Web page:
Star Foster further points out in another post a political situation that had a lot of influence in the Pagan sector, that of Z Budapest and her cis-gendered women only ritual. Make no mistake – the central issue was not a religious issue, it was an issue of the politics behind including certain people in certain rites. No one is telling Z Budapest who can and cannot attend rites she is holding; a convention organization is simply saying that her rites must be held outside of their official schedule. Z Budapest’s beliefs were not found wanting, they were simply found incompatible with a more inclusive organization’s ethos.
Between traditions of Paganism, the differences that cause the most friction also tend to be hotbeds in secular politics. It is exactly these hotbed issues that tend to encourage and perpetrate a specific orthodoxy within a religion. As an umbrella religion, this is particularly dangerous to Paganism, as we are not merely different sects of one religion, but a full spectrum of pantheons and practices. However, we also cannot ignore that most – if not all – of these religions are influenced (some would say tainted) by the current of modern sensibilities that continue to pervade the movement. Therefore, what may have been so acceptable in what we know of the original form of the religion (such as the famous example of human sacrifice) may no longer be acceptable in its current form. This modern mode of ethics and understanding may serve to develop an orthodoxy in itself, which is exactly what has happened with several strains of Wicca, especially when compared with its traditional forms such as Gardnerian or Alexandrian.
Division of Tradition, or How to Enforce Orthodoxy Without Promoting It
It is common in the Pagan community to hear, “In my tradition, we believe/do [x, y, & z].” It is also common to hear, “For our tradition, [this] is the correct belief/practice.” The gathering together of a tradition is essentially a shorthand way of establishing both orthodoxy and orthopraxy. This isn’t a bad thing. However, when a person uses one’s tradition as a way of discounting other practices or beliefs, I believe it’s about as helpful as a Christian using the Bible to try to invalidate the beliefs of Pagans. Traditions should not be used as bludgeons against those who differ from them. Yet this attitude is found in Heathenry when the subject of worshiping Loki comes up, and in Wicca when a tradition ascribes different elemental correspondences to the directions, and even when discerning the difference between a God, Ancestor, and demigod in Celtic Reconstruction.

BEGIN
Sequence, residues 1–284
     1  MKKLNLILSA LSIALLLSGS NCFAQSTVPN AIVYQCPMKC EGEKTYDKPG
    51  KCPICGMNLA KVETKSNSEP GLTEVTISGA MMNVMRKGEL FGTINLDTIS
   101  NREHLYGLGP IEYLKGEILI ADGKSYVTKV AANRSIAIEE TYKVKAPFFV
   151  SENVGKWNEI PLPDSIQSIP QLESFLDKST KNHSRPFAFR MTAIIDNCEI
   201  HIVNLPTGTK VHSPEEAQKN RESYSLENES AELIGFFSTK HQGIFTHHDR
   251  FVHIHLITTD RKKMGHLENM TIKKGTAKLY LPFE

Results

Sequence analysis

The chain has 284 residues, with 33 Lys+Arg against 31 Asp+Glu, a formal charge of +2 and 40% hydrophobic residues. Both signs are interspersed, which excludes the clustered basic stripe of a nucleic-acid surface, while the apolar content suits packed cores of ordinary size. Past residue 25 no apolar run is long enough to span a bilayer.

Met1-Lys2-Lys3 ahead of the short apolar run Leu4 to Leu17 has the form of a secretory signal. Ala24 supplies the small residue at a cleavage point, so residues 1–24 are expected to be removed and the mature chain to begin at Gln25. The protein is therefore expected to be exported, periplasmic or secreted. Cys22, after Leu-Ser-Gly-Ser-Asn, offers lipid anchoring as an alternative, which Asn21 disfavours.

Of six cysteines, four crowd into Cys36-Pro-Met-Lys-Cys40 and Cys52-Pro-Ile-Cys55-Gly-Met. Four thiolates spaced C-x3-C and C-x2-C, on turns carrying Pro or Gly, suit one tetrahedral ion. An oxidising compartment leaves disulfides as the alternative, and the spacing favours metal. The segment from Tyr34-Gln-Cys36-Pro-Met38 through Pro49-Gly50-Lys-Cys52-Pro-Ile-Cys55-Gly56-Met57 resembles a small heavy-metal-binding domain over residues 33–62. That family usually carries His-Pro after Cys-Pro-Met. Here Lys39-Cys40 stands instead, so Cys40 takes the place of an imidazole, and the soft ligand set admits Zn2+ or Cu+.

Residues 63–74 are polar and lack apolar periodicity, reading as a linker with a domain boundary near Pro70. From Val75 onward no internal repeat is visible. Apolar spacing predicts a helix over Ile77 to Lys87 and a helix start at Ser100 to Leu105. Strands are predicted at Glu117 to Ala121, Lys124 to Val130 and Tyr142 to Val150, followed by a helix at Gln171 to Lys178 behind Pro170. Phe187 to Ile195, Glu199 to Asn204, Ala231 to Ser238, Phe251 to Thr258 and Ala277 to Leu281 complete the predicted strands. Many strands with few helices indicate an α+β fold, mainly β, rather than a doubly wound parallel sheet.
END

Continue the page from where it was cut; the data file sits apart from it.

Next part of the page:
I brought up Lee’s post and the issues with Z Budapest because they both do exactly that. Lee’s blog post has a fine command of rhetoric against hard polytheists, but assumes several stances that a given hard polytheist may or may not actually believe. She then insinuates that such stances (which are not hers) will bring about the ruination of Paganism as a religion. In the same manner, Z Budapest is facing opposition in her own tradition, based in the political situation I’ve already described. She has used her tradition as ammunition against gays, trans-gendered, and of course males. Now, other Dianics are using the politically liberal stances of much of the Pagan community against her.
The Experience of Paganism
I end the comment on Teo’s blog by answering a question that Lee poses:
To answer her question, why I venerate (or “seem to need”) the Gods? It is simple: because I experience them as real beings. I speak with them, they with me, and I am not willing to ignore these experiences, any more than I am willing to ignore my experiences with land wights, whom I also work with.
The experiences of individual Pagans inform the traditions that we develop. Neopagan Animism formed around the need for several belief systems to work together, while Dianic Wicca answered a need of women to explore and emphasize female spirituality. Our experiences do not invalidate another’s, because we who have experiences each have a different perception, a different viewpoint.
It is my hope that Pagans will eventually come to the realization of our diverse composition and heritage, rather than looking at other traditions with a mix of suspicion and surprise. When those of various traditions come together, new philosophies can be formed and new practices devised, if minds be open and hearts be honest. The practice of one tradition or viewpoint attacking another aids no one but those who oppose Paganism as a religion.